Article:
Rainier’s First Celebrated Ascent: 1870

They must be spirits, he thought. They had gone up the south face of Mount Rainier and they should not have come back. He had warned them. He had heard there was a horrible pool of fire at the top. But after a little more observation from afar, Sluiskin, the Yakima Warrior from the Battle of Grande Ronde and now their guide, was relieved and thrilled they were truly alive.

Sluiskin learned they had been to the top and he was overjoyed. Hazard Stephens and Philemon Beecher Van Trump, had summited Mount Rainier on August 18th, 1870. It was the first documented ascent of Mount Rainier.

Hazard Stevens was already a force to be reckoned with. He had some advantages as he was the son of the first governor of the Washington Territory. However, he had already proven himself with valor: Stevens had earned the Congressional Medal of Honor for his courage in battle during the American Civil War. After the war he returned and became – as you and I would – captivated by Mount Rainier. But admiring it from Puget Sound was not satisfying.

Stevens had met Van Trump and they became friends because they shared a common passion for approaching and attempting Mount Rainier. But it was their meeting of Thomas Edward Coleman, a British Subject and one of the original climbers among the Alps. He gave them the final nudge to commit themselves to the task and together they headed into the backcountry of Washington without roads.

Sluiskin was hired as their guide to get them through the forest and down the Nisqually River to Mount Rainier; he took his time in order to work and be paid for more days.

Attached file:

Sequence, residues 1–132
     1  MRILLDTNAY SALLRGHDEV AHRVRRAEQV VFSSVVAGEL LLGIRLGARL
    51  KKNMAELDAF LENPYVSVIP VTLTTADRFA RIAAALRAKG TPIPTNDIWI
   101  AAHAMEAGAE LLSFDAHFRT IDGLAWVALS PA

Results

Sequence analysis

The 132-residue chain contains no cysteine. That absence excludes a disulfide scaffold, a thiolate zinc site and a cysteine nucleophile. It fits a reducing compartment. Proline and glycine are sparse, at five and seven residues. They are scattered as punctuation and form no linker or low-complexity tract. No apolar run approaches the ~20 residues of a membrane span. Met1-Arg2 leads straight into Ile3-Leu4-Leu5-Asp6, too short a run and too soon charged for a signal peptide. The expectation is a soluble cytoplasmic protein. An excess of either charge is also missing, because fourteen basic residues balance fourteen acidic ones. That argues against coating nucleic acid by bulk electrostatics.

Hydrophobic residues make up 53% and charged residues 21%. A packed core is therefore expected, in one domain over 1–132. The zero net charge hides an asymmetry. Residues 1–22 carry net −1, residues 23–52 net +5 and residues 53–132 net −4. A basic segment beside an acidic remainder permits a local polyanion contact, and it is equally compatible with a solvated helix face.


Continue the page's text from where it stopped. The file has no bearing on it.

Coleman was more of an irritant or comic relief on the journey. Each day he insisted on bathing or at least making a sponge bath, no matter what the inconvenience required. He also sipped tea as his colleagues made camp. Most amusing of all, he filled his own canteen with whiskey instead of water, which he emptied part way to the mountain; he was mildly stunned at the pace Stevens and Van Trump intended to proceed.

Coleman could not make the final attempt as he lost his pack (it fell when he set it down) climbing a nearby slope. Though they lost the bacon for protein, Stevens and Van Trump were determined to press on. I will use contemporary names for these landmarks: They ascended from the Paradise River, walked up the Muir Snowfield, climbed up Cowlitz Cleaver (with a good view of Gibraltar Rock), trudged over Camp Misery and onto the summit proper. They only carried an alpenstock, creepers (similar to crampons), rope, ice axe (like a navy axe of the day), a canteen, lunch, gloves, goggles, a plate, flags, and ascended without coats or blankets.

They believed they could make the ascent in a day, but were forced to spend the night near the top in an ice cave. Van Trump injured his leg on the decent, but that did little to dampen their victory. They were not ghosts, they were Puget Sound’s latest heroes!

Thanks again for dropping by. If you enjoyed this post, please considering following the Suburban Mountaineer on Facebook or Twitter.

Sources: 1) Haines, Aubrey L., Mountain Fever: Historic Conquests of Rainier, Oregon Historical Society, 1962; 2) National Parks Service website.


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